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Sunny weather boosted May online sales, while Jubilee celebrations could mean a bumper June

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May’s sunny spell helped to boost sales both online and off in May, according to the latest figures from the British Retail Consortium, out today.

And early figures from Venda also suggested that the Jubilee weekend saw a strong rise in online and offline retail sales.

The KPMG-BRC Retail Sales Monitor for May 2012 showed internet sales rose by 12.4% last month. That was up on the 10.4% growth recorded in May 2011.

The update also showed that beyond the internet, sales also staged a recovery. Like-for-like UK retail sales values rose by 1.3% last month. In May 2011 like-for-like sales were down by 2.1%, compared to the same month in the previous year. Total UK sales rose by 3.4%, compared to a 0.3% decline in May 2011.

Stephen Robertson, director general of the British Retail Consortium, said: “Online sales have returned to healthier growth after an unusually weak month in April, in part due to the timing of Easter. It’s back in line with the six-month average and higher than the 12-month rolling average.

“The feelgood sunshine boost saw strong sales of summer fashions as well as outdoor leisure and gardening gear. Consumers planning ahead for the Jubilee celebrations and other summer events are also likely to have made earlier purchases online than they would have through traditional channels.

“The sharpest growth continues to come from shopping happening via smartphones and other mobile devices. A number of retailers are encouraging smartphone use in their stores, which is feeding into this trend.”

He said that across UK retail, the previous rainy period had probably helped create pent-up demand, with consumers more relaxed about spending in the sunny weather.

“Small numbers of customers buying jeans and knitwear in the first weeks of May became many more people purchasing skirts, shorts and swimwear by the end of the month,” he said. “Womenswear had its best growth this year, while garden centres enjoyed a boom in the number of people investing in new lawnmowers to tackle overgrown grass.”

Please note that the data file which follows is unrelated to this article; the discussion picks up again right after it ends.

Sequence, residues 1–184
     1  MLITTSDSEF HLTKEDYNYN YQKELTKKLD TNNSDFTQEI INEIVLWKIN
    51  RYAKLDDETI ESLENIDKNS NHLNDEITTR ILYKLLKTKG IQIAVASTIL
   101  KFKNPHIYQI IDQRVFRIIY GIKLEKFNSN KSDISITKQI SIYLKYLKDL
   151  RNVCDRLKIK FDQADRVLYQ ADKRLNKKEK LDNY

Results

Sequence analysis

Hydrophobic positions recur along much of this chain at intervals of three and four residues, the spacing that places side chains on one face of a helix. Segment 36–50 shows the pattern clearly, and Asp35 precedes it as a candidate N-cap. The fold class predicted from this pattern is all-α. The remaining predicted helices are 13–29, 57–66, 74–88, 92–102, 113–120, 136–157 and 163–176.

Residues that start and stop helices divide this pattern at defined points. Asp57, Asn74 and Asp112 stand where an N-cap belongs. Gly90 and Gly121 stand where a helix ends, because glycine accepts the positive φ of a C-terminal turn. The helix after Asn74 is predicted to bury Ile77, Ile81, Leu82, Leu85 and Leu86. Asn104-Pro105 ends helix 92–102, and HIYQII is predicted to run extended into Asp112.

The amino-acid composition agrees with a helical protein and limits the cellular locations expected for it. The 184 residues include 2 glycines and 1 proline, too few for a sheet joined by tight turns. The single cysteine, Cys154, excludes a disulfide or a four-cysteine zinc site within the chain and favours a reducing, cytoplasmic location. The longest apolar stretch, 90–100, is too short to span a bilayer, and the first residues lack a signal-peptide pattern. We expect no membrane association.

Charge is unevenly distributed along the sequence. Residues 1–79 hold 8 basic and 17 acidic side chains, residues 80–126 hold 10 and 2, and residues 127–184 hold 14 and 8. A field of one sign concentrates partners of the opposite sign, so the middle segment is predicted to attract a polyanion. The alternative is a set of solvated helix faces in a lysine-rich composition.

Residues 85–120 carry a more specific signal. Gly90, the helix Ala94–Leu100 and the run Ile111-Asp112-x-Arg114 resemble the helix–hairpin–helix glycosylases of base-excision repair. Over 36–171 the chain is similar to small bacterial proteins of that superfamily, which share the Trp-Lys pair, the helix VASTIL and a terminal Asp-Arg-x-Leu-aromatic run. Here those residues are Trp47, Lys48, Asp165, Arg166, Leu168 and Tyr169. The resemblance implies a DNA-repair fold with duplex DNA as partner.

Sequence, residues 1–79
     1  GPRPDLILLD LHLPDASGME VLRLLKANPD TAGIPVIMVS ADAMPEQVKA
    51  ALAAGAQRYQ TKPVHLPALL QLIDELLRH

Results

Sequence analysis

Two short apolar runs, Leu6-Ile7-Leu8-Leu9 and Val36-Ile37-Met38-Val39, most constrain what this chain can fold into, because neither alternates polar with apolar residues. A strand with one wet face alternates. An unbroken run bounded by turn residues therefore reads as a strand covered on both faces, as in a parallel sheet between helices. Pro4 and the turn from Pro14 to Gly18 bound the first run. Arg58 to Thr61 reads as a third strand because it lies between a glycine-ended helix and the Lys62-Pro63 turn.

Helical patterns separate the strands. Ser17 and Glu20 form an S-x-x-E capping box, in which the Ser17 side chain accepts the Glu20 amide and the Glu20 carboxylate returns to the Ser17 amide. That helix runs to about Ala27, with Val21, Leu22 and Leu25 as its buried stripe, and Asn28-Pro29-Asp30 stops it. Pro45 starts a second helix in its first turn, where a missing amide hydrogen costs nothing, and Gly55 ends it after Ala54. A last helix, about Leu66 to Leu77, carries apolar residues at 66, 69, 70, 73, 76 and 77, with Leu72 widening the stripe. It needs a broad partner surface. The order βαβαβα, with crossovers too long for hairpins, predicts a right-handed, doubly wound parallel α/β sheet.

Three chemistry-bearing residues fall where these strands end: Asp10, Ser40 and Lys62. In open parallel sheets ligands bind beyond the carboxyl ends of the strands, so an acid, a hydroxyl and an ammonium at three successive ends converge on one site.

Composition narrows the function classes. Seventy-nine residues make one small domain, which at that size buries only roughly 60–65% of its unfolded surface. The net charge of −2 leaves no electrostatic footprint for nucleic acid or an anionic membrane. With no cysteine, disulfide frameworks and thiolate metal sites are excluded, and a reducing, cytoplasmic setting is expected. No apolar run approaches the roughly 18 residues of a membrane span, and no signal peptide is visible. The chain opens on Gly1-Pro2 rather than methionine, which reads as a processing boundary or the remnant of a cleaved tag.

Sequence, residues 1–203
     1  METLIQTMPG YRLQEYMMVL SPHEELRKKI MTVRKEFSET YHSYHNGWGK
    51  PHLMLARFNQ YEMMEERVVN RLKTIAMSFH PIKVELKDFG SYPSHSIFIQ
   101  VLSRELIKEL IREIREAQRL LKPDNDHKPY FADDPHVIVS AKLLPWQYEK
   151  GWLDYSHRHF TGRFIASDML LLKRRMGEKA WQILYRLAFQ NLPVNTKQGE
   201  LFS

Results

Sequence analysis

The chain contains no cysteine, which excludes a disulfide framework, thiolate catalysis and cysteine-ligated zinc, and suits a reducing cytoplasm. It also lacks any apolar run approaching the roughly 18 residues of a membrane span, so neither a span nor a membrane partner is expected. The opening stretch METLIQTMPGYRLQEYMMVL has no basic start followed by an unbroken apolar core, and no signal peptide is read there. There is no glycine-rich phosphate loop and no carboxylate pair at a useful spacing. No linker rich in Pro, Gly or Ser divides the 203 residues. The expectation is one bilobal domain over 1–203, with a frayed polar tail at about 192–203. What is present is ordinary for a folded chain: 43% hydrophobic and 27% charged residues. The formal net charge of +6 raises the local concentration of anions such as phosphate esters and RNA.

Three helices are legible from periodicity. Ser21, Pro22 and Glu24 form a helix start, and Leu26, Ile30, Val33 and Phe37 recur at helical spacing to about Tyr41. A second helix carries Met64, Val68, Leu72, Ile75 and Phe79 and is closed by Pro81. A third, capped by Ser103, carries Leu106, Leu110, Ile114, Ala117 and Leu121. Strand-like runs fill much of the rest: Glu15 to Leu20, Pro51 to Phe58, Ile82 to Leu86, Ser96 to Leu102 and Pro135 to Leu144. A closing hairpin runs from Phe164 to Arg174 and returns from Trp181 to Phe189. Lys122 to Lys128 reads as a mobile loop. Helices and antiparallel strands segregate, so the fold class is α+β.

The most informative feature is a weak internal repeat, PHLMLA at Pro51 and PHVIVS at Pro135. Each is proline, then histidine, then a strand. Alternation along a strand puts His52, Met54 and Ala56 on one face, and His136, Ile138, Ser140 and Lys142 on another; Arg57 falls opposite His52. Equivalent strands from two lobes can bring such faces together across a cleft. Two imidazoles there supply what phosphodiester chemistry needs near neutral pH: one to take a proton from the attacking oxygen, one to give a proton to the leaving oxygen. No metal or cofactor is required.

Helen Dickinson, head of retail at KPMG, said: “Retailers are hoping that the Jubilee celebrations will have helped to pull out them of the mire, but a short-term patriotic spending spree will not overcome the underlying difficulties facing the industry – which remains under pressure from a combination of declining consumer confidence and squeezed incomes.

“After a dismal April, May was a much better month and many retailers will be breathing a small sigh of relief. No sector put in a star performance, but a focus on spending on children was evident and childrenswear saw a double-digit uplift in sales.”

Meanwhile, early figures from Venda suggested that online sales rose by more than a third over the Diamond Jubilee weekend. Online sales generated by the 100 brands operating on its ecommerce platform rose by 38 per cent, the company said, while sales values rose by 34%.

The biggest gainers, said Venda, were quintessentially British brands, which saw sales more than double compared to last year’s late Spring Bank-holiday period as consumers sought out patriotic products or souvenirs. It said gifts also performed well compared to last year’s spring bank holiday. Transactions rose by 60% and sales values by 77%. However, home and gardening products only increased sales by 3% despite the extra shopping day and four-day weekend.

Eric Abensur, group chief executive at Venda said: “Anticipations for the Jubilee weekend were high for many retailers. In such a highly competitive retail environment retailers must seize every opportunity to capitalise on occasions where consumers may loosen the purse strings. After fairly dismal figures reported by the ONS and BRC for April, retailers were looking to the long bank holiday for a much needed early June boost.

“Online retail continues to go from strength to strength, securing a greater share of the market month on month. The flexibility and innovation that online and mobile channels allow are now an essential part of how retailers look to match their retail strategy to the needs of the consumer.”

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